Dear Beit Sefer Families,
This week’s Torah portion, T’tzaveh, begins with instructions to the priests for kindling the lights of the lamp stand, the menorah that stood in the Tabernacle. The menorah was to be lit and to burn from evening until morning. Revisiting this passage this week, what struck me was not just the idea of a perpetual light, but the daily care required to rekindle the light. We have an Eternal light in the sanctuary that hangs by the ark. The light we have in our sanctuary is automatic; we do not have to take any time and attention to rekindle the light. What would it mean for us to have to rekindle the light each day? What might change if we saw the light ignite and fade?
Even if the light that symbolizes an eternal presence is automatic, maybe what it represents in our community still needs care and kindling. What do we do in our community that kindles the light and brings us a sense of a divine spirit? Maybe the mitzvot that we do are a way of giving care to the figurative light that shines in our community. The word “T’zaveh” the name of this Torah portion is related to the word “mitzvah.” Maybe it is used here to remind us that doing mitzvot like caring for the sick, respecting people’s property, keeping Shabbat, feeding the hungry and others ignite a divine spark within our community just as the priests were commanded to kindle the light of the menorah.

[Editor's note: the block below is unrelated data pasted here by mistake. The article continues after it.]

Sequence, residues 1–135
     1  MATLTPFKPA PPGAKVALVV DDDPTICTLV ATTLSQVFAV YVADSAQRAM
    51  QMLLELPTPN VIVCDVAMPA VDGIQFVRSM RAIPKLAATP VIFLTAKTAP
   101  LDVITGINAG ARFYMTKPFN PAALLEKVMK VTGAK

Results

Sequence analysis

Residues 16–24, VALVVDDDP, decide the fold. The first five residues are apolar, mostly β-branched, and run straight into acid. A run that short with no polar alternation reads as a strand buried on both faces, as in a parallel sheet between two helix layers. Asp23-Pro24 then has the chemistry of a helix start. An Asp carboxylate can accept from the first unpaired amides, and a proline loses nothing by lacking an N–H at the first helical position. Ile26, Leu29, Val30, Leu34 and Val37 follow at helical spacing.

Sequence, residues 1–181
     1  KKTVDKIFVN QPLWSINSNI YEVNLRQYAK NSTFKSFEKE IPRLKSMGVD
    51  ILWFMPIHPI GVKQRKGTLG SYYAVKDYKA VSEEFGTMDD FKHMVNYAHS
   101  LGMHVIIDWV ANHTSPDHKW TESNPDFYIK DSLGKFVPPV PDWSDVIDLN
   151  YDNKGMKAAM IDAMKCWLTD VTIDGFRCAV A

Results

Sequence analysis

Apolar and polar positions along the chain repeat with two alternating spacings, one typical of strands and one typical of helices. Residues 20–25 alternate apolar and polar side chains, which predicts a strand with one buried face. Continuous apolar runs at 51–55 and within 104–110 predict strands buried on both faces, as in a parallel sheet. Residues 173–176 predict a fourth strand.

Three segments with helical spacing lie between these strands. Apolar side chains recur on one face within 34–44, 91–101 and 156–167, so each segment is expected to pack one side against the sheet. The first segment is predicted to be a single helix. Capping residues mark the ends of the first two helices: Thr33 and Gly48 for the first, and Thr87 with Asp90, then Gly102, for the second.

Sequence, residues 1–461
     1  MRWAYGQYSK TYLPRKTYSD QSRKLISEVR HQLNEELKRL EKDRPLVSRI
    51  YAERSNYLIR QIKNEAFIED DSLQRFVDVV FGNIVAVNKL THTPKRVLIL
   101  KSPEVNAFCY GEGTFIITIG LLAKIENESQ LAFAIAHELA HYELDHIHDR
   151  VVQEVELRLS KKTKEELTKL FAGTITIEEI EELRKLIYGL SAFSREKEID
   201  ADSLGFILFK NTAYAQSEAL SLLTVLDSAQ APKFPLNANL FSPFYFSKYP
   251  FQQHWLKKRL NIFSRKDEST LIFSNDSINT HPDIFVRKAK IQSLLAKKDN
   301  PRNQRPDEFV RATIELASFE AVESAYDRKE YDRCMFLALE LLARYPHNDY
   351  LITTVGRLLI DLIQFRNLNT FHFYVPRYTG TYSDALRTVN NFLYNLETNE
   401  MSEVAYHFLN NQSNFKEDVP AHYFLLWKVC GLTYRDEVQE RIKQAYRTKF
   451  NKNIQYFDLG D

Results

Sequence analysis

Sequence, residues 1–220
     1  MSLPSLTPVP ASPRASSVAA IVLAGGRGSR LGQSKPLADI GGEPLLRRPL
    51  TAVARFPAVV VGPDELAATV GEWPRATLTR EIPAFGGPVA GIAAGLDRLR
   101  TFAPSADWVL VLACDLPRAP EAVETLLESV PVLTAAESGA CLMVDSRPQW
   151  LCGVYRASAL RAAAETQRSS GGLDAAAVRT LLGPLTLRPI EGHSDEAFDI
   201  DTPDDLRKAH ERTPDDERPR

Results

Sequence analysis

Today, I had a conversation with staff from the Inland Valley Hope Partners to explore opportunities for working together. Our conversation ignited in me a strong commitment to do social action in our community personally, not only through TBI and Beit Sefer. I go home tonight with the challenge of how to keep the light burning, how to rekindle it each day.